Fuses are well known wiring protection devices which provide substantially instantaneous tripping in response to high fault currents, e.g., above about 1000% of rating, or delayed tripping in response to overcurrents up to about 500% to 1000% of rating. So-called dual element fuses and mechanical circuit breakers are also well known devices which can provide both of these functions in a single device. This is advantageous where fast shutdown under short circuit conditions and the timed tripping to accommodate transient inrush currents are both needed. Fuses and circuit breakers can provide these functions acceptably in many instances, but there are applications for which conventional devices are not well suited.

For example, separate fast acting and time delay fuses are customarily used for protection of automotive electrical systems, although dual element fuses, when available for automotive applications.

Headlight circuits and motors are examples of applications requiring a time delay tripping capability. Automotive headlights are exposed to a wide range of temperatures, and when turned on at very low temperatures, can experience quite high transient inrush currents, e.g., ten times the normal operating current at a temperature of −40 C. Motors also generate high inrush (starting) currents.

Even apart from the fact that a supply of different types of fuses must be kept at hand in anticipation of a short circuit or overcurrent condition, replacement of blown fuses in an automobile is generally inconvenient because the fuses are often located out of the way in both the passenger and engine compartments.

Conventional circuit breakers do provide dual protective functions, and can easily be reset, but even the smallest thermal-magnetic circuit breakers, and the panels in which they are designed to be installed, are not small enough for practical use in automotive applications, and would have to be located inconveniently. Of even greater importance would be the cost of circuit breakers.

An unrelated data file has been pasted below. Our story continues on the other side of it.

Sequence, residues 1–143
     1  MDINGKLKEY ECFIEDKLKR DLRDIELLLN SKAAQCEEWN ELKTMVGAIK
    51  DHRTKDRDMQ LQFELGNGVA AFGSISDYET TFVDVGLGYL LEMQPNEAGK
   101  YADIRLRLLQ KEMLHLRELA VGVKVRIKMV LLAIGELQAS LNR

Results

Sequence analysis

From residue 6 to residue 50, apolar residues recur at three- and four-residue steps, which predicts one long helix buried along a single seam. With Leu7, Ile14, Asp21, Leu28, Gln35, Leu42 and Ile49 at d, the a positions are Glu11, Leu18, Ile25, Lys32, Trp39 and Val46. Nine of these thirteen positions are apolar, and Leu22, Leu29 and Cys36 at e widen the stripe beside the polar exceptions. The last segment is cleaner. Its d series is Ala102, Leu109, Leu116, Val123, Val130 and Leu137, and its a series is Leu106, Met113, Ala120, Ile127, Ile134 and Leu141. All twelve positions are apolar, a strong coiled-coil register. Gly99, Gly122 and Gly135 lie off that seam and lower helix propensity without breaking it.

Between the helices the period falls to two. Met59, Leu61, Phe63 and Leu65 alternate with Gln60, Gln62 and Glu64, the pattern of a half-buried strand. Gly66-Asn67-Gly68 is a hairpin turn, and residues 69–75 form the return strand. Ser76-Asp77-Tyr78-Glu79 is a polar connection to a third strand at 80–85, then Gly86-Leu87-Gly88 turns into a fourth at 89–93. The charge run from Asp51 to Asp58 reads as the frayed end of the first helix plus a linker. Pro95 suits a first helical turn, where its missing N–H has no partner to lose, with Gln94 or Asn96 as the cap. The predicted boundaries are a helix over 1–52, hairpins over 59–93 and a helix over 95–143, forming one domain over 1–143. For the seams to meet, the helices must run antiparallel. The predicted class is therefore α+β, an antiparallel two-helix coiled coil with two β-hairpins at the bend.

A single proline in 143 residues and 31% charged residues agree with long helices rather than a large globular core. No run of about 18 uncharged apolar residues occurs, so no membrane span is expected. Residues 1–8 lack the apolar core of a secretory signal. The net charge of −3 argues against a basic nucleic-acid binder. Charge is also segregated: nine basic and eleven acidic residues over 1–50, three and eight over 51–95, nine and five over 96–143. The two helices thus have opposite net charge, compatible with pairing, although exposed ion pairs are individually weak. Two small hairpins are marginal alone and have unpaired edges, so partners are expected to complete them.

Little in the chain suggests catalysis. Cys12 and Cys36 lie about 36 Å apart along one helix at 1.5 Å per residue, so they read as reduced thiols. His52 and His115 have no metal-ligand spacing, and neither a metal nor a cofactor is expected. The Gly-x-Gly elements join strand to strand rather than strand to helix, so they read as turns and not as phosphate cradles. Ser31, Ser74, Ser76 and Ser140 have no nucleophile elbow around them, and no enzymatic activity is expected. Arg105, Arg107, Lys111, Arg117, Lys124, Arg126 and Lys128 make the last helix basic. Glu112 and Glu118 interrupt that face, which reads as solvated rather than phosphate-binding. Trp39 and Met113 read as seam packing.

There exist components with a similar goal, that is provide a protection at a current lower than the inrush current. The philosophy is to set the protection current at a high level for a given time after the power switch is turned on, and to set the protection current at a lower level after this given time. The main drawback of this approach is that the behavior is only related to the time, and not to the energy dissipated. For example, if a light bulb with the switch on, the current protection will be low and the bulb will never turn on because the device will enter protection mode on the inrush current of the light bulb.

Also, for better overcurrent protection, control should be related the energy effectively dissipated.

A need therefore exists for a circuit protective device suitable for protection of switched semiconductor power devices in automotive applications and the like which can provide both instantaneous short circuit protection and time delayed tripping to accommodate transient inrush currents and does not have the disadvantages of conventional devices.

SUMMARY OF THE INVENTION